• Lennon Stella: “Older Than I Am”

    When you’re stuck somewhere between being a carefree teenager and responsible adult, it’s normal for your life’s trajectory to be a little blurry. However, that’s never been the case with Lennon Stella, as her vision for her music has always been crystal clear. With the release of her newest single, “Older Than I Am,” Stella takes her fans back in time to revisit her country roots on an otherwise dance-pop album. Stella wistfully mourns a childhood of purity and innocence lost to the reality of fame and adulthood. Her lyrics ebb and flow between wishing her life could be different and accepting that it never could have been. “Sometimes I wish I could do something stupid / Be kinda reckless while I can / Say I don’t give a damn,” she sings, “I’m older than I am.” It’s always interesting how the most intricately detailed songs end up being the most universal, but that’s just what Stella does best. —Sarina Bhutani

  • Peach Tree Rascals: “Not OK”

    The creations from Los Angeles creative collective Peach Tree Rascals are usually buoyant and colorful, with tracks about love, coming home, and good times. However, they take a darker turn with new single “Not OK,” a marked soundtrack for being at rock bottom from its very opening line, “Now I’m so done.” Past indiscretions come flooding back over an electronic beat that feels like you’re the last one on the dance floor, and the song’s glitchy lyric video hits even harder as the group navigates their socially distanced neighborhood at night. It’s OK to not be OK! —Carson Mlnarik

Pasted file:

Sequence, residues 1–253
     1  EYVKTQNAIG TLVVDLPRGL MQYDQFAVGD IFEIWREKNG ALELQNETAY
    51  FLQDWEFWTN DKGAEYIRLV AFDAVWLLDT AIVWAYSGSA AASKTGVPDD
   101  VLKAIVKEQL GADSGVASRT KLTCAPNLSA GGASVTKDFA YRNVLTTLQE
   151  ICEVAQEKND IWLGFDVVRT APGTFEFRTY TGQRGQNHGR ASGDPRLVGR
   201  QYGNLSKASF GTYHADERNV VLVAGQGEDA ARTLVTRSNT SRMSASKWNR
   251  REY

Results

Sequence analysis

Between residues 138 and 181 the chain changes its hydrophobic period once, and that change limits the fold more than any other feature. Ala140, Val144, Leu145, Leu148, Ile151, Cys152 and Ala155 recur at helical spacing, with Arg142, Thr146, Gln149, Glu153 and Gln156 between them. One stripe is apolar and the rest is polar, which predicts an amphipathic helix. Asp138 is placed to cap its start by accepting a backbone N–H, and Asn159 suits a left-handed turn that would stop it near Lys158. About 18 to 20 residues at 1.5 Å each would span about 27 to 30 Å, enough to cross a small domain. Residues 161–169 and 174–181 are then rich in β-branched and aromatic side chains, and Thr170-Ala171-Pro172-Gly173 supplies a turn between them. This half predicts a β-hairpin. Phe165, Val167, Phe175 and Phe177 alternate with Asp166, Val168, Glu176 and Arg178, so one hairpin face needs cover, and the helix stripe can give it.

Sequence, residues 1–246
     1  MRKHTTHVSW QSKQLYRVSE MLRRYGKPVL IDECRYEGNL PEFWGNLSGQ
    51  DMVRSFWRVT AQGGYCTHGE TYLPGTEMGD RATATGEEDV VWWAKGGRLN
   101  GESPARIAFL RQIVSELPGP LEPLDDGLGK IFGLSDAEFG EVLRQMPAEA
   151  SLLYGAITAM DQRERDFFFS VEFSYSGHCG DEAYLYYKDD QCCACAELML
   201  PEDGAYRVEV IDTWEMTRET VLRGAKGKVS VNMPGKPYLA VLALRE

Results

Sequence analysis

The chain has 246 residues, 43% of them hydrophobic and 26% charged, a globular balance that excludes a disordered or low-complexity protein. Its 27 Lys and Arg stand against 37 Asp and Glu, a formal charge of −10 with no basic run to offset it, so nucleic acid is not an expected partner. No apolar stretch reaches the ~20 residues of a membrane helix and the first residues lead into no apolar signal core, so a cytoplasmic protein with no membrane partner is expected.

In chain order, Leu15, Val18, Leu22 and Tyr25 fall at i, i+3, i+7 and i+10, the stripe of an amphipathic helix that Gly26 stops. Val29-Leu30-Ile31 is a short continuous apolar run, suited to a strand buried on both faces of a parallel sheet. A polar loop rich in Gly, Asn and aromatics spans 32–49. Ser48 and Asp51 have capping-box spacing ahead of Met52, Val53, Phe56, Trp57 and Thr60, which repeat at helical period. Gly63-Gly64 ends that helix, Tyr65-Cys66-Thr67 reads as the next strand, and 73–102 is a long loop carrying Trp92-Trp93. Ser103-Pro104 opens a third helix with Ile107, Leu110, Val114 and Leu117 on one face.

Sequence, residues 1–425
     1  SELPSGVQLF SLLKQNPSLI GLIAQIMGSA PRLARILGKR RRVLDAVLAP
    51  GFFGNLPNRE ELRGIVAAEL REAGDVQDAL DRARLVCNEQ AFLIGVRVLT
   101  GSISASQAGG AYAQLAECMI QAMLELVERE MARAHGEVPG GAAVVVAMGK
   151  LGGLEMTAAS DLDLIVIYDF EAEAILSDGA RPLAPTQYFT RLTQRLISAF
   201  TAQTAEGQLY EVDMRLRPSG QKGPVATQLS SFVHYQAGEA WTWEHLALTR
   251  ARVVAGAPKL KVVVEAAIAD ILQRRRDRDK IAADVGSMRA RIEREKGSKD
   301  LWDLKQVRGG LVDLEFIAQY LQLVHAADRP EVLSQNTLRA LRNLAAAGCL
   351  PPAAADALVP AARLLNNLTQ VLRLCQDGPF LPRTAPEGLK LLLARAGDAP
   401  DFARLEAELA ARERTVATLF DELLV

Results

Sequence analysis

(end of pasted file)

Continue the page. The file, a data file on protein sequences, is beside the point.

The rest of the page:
• Kim Petras: “Malibu”

    Summer is right around the corner, but with most beaches closed you probably won’t be catching waves anytime soon. For the next best thing try Kim Petras’s new sun-soaked bop, “Malibu,” where the German pop star sings about Curacao kisses and Pacific Ocean views. Serving major ‘80s synth vibes, this is a perfect tune to play as you dream about slathering on the sunscreen and breathing in the salty sea air. —Christopher Rudolph

  • Megan Thee Stallion ft. Beyoncé: “Savage (Remix)”

    Thanks to TikTok, “Savage” already felt like a song of the year even before Beyoncé got anywhere near it. But then last week, she joined up, announcing, “Queen B, want no smoke with me” at the top of the remix, and somehow made it even bigger. Thanks to Bey, Meg’s indelible staccato hook — “classy, bougie, ratchet” — has redoubled into a thunderous cry, exploding one of 2020’s biggest musical moments into something even more momentous. —Patrick Hosken

  • Chvrches: “Forever (Separate But Together)”

    Chvrches consistently sets the bar for contemporary synth-pop, and this special edition of “Forever,” a track off the Scottish group’s 2018 album Love Is Dead, is no exception. Rerecorded by each of the bandmates from their separate quarantine bunkers, “Forever (Separate But Together)” puts Chvrches’s ingenuity and infectious energy on full display. Are singer Lauren Mayberry’s bright vocals the light we need in these dark times? Discuss. —Sam Manzella

  • Del Water Gap: “Ode to a Conversation Stuck in Your Throat”

    Exploring matters of the heart isn’t new ground for Brooklyn artist Del Water Gap, who regularly maintains a playlist called Background Music for Kissing on Spotify, but he’s taking the vulnerability up a notch with his latest single. What happens when you want a lover to commit, but the words keep getting caught in your throat? Del Water Gap lets his folksy pop psyche run loose, spinning us around in a stream of consciousness as he realizes, “I don’t want anybody else touching you like I do / Like me / Is it OK?” —Carson Mlnarik